A Department of Homeland Security internal report that assesses terrorist organizations, their anticipated targets and preferred weapons concludes that the threat to the United States presented by North Korea and several other countries long described as "state sponsors of terrorism" is declining.
"In the post 9/11 environment, countries do not appear to be facilitating or supporting terrorist groups intent on striking the U.S. homeland," says the draft report, which is intended to help the Homeland Security agency define its spending priorities through 2011.
Of the six nations identified by the State Department as terrorist sponsors, five of them -- North Korea, Sudan, Syria, Libya and Cuba -- are described by Homeland Security as a "diminishing concern." Iran, the final country on the list, alone is highlighted as a likely threat over the next five years.
"Only Iran appears to have the possible future motivation to use terrorist groups, in addition to its own state agents, to plot against the U.S. homeland," the report says, adding that "ideologically driven nonstate actors" are the biggest threat to the United States.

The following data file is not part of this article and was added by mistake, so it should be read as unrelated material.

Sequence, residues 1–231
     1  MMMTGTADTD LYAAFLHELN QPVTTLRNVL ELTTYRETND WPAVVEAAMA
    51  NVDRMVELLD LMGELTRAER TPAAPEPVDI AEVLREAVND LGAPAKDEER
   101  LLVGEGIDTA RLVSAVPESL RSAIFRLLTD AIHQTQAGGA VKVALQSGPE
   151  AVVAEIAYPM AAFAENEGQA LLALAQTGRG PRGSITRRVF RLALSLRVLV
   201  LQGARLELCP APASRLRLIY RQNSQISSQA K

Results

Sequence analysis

Terrorism experts said Wednesday that while the assessment seemed accurate, it was an unusual statement for the Bush administration, which has often called North Korea and several other nations serious threats.
"The administration has been very reluctant to accept that state sponsorship is a waning phenomenon," said Daniel Benjamin, a senior fellow at the Center for Strategic and International Studies.
This the first time the 2-year-old department has prepared what will now be an annual Integrated Planning Guidance Report, a document that is listed as "sensitive" but not classified, meaning it was not intended to be released publicly.
Al Qaeda, not unexpectedly, tops a list of adversaries in the report, although the authors question if the group can still pull off attacks similar in scale to those of Sept. 11, 2001.